Farm company fined $2M after two workers die of COVID-19

Associated Press
A farmworker, considered an essential worker under the current COVID-19 guidelines, covers his face as he works at a flower farm in Santa Paula, Calif.

An agricultural company in Washington state where two workers died from COVID-19 was fined more than $2 million for repeatedly violating coronavirus virus safety procedures.

“It’s unacceptable to choose to ignore health and safety rules,” Joel Sacks, the director of state Department of Labor & Industries, told reporters Monday.

Labor & Industries launched an investigation in July after being contacted by an employee of Gebbers Farm Operations in Brewster, Washington. The employee said a worker had died of coronavirus, and that the migrant workers who shared a cabin with the deceased were not tested and then split into other cabins.

Authorities say they confirmed a 37-year-old temporary worker from Mexico died July 8, and the death was not reported to state officials as required. A second worker, a 63-year-old from Jamaica, died July 31. Both workers died of COVID-19.

The state investigation led to Gebbers being cited for 24 “egregious willful violations” for unsafe sleeping arrangements and unsafe worker transportation.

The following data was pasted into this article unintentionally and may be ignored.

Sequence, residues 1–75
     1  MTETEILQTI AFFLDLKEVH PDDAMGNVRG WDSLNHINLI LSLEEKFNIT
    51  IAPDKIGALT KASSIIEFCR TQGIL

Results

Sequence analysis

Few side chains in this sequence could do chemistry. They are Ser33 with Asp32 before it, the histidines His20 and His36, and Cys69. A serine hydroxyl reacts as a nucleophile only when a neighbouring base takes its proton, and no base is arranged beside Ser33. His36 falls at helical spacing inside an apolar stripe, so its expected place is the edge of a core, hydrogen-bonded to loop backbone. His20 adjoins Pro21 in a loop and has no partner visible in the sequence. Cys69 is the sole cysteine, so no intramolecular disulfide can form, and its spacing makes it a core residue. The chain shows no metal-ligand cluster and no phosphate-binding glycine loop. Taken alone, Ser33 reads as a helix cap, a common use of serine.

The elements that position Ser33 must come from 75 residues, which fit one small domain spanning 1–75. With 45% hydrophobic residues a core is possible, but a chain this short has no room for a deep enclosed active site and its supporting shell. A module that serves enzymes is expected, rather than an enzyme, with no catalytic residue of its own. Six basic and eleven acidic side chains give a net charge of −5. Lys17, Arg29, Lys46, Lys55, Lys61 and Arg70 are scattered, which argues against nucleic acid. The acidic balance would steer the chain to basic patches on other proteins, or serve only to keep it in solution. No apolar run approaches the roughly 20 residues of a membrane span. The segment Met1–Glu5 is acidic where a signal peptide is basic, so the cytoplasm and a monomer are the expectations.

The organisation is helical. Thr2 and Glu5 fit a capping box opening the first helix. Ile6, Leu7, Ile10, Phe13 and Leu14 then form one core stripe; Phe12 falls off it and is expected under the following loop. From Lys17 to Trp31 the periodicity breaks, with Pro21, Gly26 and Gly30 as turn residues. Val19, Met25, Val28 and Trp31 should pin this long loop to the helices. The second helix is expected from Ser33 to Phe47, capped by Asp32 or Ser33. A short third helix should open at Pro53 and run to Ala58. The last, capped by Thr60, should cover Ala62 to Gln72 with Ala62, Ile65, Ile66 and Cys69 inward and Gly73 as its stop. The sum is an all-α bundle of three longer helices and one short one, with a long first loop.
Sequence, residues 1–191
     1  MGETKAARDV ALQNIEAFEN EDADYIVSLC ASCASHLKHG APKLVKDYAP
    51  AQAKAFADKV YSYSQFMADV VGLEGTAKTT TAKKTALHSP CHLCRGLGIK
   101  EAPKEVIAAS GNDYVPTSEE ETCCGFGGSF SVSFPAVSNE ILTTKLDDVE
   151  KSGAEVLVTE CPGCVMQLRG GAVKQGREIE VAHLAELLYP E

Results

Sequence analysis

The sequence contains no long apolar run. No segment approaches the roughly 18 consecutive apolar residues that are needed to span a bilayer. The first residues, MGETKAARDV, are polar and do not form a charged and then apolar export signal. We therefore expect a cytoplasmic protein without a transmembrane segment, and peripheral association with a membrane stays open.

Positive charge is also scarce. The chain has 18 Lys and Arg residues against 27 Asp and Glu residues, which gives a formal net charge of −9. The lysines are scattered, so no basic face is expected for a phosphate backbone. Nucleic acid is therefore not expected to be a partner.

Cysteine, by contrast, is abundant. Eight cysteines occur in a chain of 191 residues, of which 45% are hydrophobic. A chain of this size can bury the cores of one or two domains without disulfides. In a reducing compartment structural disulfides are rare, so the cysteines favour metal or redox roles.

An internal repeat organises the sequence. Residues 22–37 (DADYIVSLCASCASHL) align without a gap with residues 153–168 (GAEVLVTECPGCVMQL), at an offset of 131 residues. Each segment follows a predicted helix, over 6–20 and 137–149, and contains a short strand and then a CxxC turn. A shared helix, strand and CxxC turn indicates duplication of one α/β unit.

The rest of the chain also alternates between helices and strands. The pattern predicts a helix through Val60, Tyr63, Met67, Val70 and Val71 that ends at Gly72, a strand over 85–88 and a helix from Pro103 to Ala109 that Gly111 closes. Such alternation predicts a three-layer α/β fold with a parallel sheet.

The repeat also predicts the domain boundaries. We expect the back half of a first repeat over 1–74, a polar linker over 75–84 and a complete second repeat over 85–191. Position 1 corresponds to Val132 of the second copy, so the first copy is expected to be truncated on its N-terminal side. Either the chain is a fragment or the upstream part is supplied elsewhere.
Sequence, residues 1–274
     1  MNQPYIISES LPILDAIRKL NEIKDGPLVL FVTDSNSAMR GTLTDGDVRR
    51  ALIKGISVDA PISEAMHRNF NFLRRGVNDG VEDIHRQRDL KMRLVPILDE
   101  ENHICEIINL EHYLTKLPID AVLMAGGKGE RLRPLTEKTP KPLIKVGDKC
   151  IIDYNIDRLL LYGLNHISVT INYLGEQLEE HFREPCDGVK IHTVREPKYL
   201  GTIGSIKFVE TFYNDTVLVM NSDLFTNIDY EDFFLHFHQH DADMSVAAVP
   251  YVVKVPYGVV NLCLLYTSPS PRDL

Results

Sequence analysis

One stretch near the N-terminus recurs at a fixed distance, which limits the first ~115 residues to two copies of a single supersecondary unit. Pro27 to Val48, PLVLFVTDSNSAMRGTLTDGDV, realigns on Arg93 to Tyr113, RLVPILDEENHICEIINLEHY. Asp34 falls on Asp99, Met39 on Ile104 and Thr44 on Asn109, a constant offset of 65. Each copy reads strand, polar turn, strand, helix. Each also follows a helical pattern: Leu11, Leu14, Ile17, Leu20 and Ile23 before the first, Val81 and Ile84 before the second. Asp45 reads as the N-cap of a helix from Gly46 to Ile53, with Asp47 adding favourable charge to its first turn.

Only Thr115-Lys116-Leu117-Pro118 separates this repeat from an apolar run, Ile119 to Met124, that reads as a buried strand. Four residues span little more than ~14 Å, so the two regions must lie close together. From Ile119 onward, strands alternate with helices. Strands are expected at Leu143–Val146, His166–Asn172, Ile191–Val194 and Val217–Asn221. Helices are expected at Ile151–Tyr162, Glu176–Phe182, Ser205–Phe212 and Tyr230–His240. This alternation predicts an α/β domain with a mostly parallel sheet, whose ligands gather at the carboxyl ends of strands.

The company was fined $2,038,200, which it can appeal.

In a statement Gebbers Farms said it disagreed with the findings by the state workerplace watchdog.

“There is nothing more important to Gebbers Farms than our workers’ health and safety, as evidenced by the fact that 99.3% of our entire workforce tested negative for the virus, which is better than county, state and national rates to date,” the company said.

Gebbers Farms said it worked with an infectious disease specialist early in the pandemic to develop a safe housing program that included social distancing, mandatory masks and using fans to improve airflow.

Investigators found that hundreds of workers were sleeping in bunk beds using both the top and bottom bunks and not being told to remain in “cohort groups” of workers who don’t mingle with other employees.

Under emergency rules put in place by the state due to COVID-19 temporary agricultural workers can use top and bottom bunks only if a farm separates workers into group shelters.

Those cohort groups of no more than 15 workers must live, work, eat and travel together. Authorities say the investigation also found that Gebbers was busing workers to job sites in groups that were larger than allowed.

“Gebbers continually failed to comply, even after the first worker died and our repeated presence at the farm, clearly demonstrating a lack of regard for worker safety and health,” Anne Soiza, assistant director for Labor & Industries’ Division of Occupational Safety and Health, said in a statement.

The July investigation was the second recent one involving Gebbers. The state opened an investigation on May 28 after receiving a worker complaint.

That probe resulted in a $13,200 fine for not ensuring adequate social distancing, with employees using the top and bottom bunks while not using a cohort, and no barriers in the kitchen/cooking areas.